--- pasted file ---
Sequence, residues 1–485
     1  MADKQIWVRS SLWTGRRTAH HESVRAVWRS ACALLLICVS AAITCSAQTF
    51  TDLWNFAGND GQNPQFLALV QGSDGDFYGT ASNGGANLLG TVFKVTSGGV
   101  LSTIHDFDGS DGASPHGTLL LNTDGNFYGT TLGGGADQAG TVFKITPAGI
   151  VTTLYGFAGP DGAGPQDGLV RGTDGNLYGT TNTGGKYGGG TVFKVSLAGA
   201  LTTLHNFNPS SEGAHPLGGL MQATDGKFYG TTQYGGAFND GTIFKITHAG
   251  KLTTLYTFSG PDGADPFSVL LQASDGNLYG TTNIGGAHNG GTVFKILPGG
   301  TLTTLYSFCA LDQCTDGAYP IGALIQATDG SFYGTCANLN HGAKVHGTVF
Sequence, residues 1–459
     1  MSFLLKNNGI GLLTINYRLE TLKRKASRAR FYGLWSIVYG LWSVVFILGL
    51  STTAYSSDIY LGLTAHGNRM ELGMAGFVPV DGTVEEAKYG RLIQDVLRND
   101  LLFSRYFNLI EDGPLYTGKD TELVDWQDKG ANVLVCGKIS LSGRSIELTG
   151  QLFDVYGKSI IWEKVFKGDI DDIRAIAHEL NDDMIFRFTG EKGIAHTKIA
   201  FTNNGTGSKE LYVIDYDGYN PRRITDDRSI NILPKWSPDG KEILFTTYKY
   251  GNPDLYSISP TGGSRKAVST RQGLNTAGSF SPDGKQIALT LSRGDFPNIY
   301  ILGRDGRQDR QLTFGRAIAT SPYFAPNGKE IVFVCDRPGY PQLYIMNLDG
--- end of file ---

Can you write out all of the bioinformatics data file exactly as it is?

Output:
Sequence, residues 1–485
     1  MADKQIWVRS SLWTGRRTAH HESVRAVWRS ACALLLICVS AAITCSAQTF
    51  TDLWNFAGND GQNPQFLALV QGSDGDFYGT ASNGGANLLG TVFKVTSGGV
   101  LSTIHDFDGS DGASPHGTLL LNTDGNFYGT TLGGGADQAG TVFKITPAGI
   151  VTTLYGFAGP DGAGPQDGLV RGTDGNLYGT TNTGGKYGGG TVFKVSLAGA
   201  LTTLHNFNPS SEGAHPLGGL MQATDGKFYG TTQYGGAFND GTIFKITHAG
   251  KLTTLYTFSG PDGADPFSVL LQASDGNLYG TTNIGGAHNG GTVFKILPGG
   301  TLTTLYSFCA LDQCTDGAYP IGALIQATDG SFYGTCANLN HGAKVHGTVF
Sequence, residues 1–459
     1  MSFLLKNNGI GLLTINYRLE TLKRKASRAR FYGLWSIVYG LWSVVFILGL
    51  STTAYSSDIY LGLTAHGNRM ELGMAGFVPV DGTVEEAKYG RLIQDVLRND
   101  LLFSRYFNLI EDGPLYTGKD TELVDWQDKG ANVLVCGKIS LSGRSIELTG
   151  QLFDVYGKSI IWEKVFKGDI DDIRAIAHEL NDDMIFRFTG EKGIAHTKIA
   201  FTNNGTGSKE LYVIDYDGYN PRRITDDRSI NILPKWSPDG KEILFTTYKY
   251  GNPDLYSISP TGGSRKAVST RQGLNTAGSF SPDGKQIALT LSRGDFPNIY
   301  ILGRDGRQDR QLTFGRAIAT SPYFAPNGKE IVFVCDRPGY PQLYIMNLDG